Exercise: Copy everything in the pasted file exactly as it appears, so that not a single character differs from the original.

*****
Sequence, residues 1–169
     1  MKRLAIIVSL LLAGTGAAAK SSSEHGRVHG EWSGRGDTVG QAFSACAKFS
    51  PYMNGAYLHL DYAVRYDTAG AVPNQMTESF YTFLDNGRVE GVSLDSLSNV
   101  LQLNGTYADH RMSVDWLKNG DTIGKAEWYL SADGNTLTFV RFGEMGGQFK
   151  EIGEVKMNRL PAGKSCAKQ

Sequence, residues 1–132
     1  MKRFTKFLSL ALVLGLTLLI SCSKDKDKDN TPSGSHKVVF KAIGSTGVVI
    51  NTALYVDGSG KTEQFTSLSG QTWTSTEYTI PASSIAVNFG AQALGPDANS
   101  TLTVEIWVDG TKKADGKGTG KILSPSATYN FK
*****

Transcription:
Sequence, residues 1–169
     1  MKRLAIIVSL LLAGTGAAAK SSSEHGRVHG EWSGRGDTVG QAFSACAKFS
    51  PYMNGAYLHL DYAVRYDTAG AVPNQMTESF YTFLDNGRVE GVSLDSLSNV
   101  LQLNGTYADH RMSVDWLKNG DTIGKAEWYL SADGNTLTFV RFGEMGGQFK
   151  EIGEVKMNRL PAGKSCAKQ

Sequence, residues 1–132
     1  MKRFTKFLSL ALVLGLTLLI SCSKDKDKDN TPSGSHKVVF KAIGSTGVVI
    51  NTALYVDGSG KTEQFTSLSG QTWTSTEYTI PASSIAVNFG AQALGPDANS
   101  TLTVEIWVDG TKKADGKGTG KILSPSATYN FK